After a string of eruptions during the last week, Costa Rica’s National Emergency Commission announced Monday that it would expand security measures around the volcano. The total area under restricted access extends five kilometers from the crater.
The commission — known by the acronym CNE — announced that the area within two kilometers of the crater is off limits to all visitors and inhabitants. The remaining three kilometers outside the closed area are only accessible by farmers and ranchers with property in the area, and they must be accompanied by an employee from the Agriculture and Livestock Ministry, CNE spokeswoman Rebecca Madrigal said.
During the weekend, authorities started to evacuate animals from the area around the crater. The National Animal Health Service estimated that there were a total of 279 animals on 13 farms within the two-kilometer ring around the crater.
Classes are currently suspended at the nearby school of El Volcán in the town of La Central, which sits on the slope of the volcano. Students from the Unidad Pedagógica El Torito were relocated to the Colegio de Santa Teresita to take their high school exit exams.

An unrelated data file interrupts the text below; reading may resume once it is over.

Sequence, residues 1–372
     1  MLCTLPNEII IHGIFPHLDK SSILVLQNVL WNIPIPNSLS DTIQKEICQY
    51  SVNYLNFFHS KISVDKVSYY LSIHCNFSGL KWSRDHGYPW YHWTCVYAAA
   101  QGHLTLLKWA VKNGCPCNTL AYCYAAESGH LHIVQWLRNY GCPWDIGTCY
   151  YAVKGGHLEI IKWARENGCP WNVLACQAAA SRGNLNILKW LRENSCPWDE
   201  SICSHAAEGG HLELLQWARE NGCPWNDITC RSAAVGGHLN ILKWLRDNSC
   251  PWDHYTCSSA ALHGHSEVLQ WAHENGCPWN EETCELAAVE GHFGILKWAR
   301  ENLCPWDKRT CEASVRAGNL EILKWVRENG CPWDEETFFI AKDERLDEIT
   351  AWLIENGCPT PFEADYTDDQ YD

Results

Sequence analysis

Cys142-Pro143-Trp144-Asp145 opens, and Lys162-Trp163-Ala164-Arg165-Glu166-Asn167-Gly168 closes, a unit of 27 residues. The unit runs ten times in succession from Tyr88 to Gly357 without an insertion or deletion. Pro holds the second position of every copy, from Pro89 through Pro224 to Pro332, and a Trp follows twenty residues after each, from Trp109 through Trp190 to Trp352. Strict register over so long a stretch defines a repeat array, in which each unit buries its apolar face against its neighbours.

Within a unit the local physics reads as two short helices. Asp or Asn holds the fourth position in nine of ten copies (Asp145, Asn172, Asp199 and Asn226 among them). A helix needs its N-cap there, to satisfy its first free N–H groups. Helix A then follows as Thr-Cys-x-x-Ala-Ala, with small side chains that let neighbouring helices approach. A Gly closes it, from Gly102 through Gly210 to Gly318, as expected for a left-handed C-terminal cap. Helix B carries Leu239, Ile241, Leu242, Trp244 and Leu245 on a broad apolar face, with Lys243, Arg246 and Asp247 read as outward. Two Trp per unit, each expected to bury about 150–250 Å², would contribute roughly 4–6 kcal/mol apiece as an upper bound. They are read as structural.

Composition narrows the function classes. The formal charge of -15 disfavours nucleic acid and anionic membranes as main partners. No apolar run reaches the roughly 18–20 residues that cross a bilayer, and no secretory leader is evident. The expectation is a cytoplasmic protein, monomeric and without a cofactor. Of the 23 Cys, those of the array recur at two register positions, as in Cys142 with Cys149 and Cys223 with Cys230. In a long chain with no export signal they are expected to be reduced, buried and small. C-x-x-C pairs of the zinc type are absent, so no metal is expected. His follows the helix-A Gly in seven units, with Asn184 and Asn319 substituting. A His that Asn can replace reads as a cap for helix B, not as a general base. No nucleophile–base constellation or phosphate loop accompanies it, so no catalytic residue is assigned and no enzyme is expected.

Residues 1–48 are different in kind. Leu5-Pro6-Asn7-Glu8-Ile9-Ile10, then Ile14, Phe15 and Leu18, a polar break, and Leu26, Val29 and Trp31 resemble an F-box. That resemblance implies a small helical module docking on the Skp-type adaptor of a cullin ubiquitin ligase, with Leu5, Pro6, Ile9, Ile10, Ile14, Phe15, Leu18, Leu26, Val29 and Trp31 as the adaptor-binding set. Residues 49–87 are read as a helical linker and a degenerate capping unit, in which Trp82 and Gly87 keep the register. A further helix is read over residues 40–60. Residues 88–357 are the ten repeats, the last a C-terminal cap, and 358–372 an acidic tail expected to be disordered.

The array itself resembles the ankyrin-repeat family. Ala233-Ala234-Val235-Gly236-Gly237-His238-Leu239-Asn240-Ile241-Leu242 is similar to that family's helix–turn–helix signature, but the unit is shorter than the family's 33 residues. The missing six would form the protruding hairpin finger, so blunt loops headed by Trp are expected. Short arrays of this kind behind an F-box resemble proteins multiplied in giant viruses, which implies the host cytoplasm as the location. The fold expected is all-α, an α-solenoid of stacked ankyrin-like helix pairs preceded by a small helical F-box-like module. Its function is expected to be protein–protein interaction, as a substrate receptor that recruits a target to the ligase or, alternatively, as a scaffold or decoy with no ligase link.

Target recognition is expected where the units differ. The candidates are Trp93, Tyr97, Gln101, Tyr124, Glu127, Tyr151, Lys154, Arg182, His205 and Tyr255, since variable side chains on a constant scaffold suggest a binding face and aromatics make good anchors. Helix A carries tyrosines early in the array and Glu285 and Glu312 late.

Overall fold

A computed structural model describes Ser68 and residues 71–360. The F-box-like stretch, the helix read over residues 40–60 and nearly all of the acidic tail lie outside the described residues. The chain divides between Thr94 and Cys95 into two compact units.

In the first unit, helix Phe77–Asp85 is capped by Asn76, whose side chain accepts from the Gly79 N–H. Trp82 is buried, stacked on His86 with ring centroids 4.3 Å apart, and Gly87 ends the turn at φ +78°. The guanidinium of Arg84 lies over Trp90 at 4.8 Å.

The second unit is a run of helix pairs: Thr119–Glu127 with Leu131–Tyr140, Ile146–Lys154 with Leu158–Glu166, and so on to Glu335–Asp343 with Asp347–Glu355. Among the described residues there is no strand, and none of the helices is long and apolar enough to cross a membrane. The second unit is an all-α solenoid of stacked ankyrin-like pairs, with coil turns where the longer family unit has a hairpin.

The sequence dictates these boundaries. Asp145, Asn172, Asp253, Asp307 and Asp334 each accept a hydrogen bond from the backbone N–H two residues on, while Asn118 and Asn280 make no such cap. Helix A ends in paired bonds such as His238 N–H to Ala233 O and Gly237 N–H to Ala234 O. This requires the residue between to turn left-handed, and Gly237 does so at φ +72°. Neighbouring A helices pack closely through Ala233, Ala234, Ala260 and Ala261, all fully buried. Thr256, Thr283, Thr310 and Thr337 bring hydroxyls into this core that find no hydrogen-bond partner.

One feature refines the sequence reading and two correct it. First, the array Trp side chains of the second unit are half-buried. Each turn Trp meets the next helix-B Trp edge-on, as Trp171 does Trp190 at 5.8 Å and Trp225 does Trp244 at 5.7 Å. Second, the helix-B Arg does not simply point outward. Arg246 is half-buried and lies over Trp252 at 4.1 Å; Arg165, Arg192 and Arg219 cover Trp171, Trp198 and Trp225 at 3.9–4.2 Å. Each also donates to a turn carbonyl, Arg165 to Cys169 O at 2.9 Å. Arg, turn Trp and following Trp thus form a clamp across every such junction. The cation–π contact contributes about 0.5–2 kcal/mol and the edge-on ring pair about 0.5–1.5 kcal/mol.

Turrialba National Park is closed to the public at this time but the town of Turrialba and surrounding towns are not in danger, according to the emergency commission.
Since Oct. 23, Turrialba Volcano has seen a series of increasingly strong eruptions, including one on Saturday afternoon that launched a column of ash 1,000 meters into the air. CNE said that the volcano has averaged an eruption every hour during the last week. A yellow alert remains in effect for the cantons of Turrialba and Alvarado.